Two hundred years ago in 1817, Robert Burns’s bones were dug up, along with the coffin in which he had been laid to rest in 1796, in Dumfries in south-west Scotland. Workmen were preparing for the re-interment of Scotland’s national poet beneath a mausoleum being built as a more fitting memorial.
The workmen present stood in the cramped graveyard of St Michael’s Church, “their frames thrilling with some indefinable emotion, as they gazed on the ashes of him whose fame is as wide as the world itself”, to use the words of a report at the time.
Barely two decades after his death, Burns had already become a secular saint.
Yet his legacy was still very much up for grabs at the time – unlike today. Now that it is time once again to toast Burns’ immortal memory on 25th January, both in Scotland and around the world, how does our perception of him now compare to then?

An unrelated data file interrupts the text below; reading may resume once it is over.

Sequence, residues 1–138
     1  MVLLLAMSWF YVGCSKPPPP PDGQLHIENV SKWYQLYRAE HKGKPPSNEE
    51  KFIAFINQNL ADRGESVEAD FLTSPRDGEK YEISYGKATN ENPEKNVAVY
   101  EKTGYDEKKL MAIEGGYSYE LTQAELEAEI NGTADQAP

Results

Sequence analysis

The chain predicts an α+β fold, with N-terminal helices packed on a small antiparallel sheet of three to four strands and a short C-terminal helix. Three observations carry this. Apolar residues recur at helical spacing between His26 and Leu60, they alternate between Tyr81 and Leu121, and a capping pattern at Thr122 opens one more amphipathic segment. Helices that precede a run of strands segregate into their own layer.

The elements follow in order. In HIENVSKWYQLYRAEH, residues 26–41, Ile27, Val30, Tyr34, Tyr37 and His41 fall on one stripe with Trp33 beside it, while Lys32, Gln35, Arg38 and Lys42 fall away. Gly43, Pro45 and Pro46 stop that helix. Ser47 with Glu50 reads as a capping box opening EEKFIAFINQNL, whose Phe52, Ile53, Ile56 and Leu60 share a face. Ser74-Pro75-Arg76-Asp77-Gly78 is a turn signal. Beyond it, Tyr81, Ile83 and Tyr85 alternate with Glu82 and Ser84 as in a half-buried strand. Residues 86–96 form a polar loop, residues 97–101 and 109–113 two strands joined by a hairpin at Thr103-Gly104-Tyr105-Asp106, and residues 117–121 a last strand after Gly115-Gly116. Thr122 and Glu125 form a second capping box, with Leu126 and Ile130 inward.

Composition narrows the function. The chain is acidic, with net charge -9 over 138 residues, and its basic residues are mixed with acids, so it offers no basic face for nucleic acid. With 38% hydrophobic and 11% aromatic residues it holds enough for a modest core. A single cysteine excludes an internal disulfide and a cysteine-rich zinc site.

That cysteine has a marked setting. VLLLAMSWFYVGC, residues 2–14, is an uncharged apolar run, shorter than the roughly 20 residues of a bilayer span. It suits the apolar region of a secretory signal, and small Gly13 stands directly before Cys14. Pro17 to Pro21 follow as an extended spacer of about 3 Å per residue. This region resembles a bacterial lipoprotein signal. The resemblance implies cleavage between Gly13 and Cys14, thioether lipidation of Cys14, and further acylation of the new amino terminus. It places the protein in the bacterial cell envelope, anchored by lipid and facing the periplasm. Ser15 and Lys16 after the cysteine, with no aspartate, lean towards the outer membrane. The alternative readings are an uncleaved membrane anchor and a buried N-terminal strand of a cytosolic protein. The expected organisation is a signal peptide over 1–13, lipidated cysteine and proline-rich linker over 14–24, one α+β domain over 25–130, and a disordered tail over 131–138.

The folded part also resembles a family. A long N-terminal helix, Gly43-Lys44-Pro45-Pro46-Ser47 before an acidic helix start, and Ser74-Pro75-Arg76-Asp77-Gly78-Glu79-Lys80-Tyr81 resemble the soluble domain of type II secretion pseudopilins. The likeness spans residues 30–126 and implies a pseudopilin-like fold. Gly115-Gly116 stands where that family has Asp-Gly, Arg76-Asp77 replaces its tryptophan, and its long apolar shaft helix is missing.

And how did Burns make the journey from Edinburgh drawing rooms at the turn of the 18th century to his global superstardom today?
The battle for Burns
The Dumfries mausoleum was the first of numerous Burns memorials that studded the towns of lowland Scotland by the end of the Victorian era. Most were statues, erected in an informal race between Scotland’s urban elites. Overseas, above all in Canada, the United States, Australia and New Zealand, Scots settlers and their descendants soon followed suit.
The sentimental appeal of Burns’ writing and his preservation in verse of a rural Scotland fast disappearing was one of the reasons he was well-loved. But this alone can’t explain why from the time of his death onwards, his legacy has been fought over.
Much has to do with establishment fears about where the cult of Burns might lead. Terrified by the prospect of revolution and radical violence in Scotland inspired by songs such as “A Man’s a Man”, his first editors elided poems and sections of them that asserted human dignity regardless of rank, title or wealth.
bdtodays.com/rdhasan/ 29 January 2017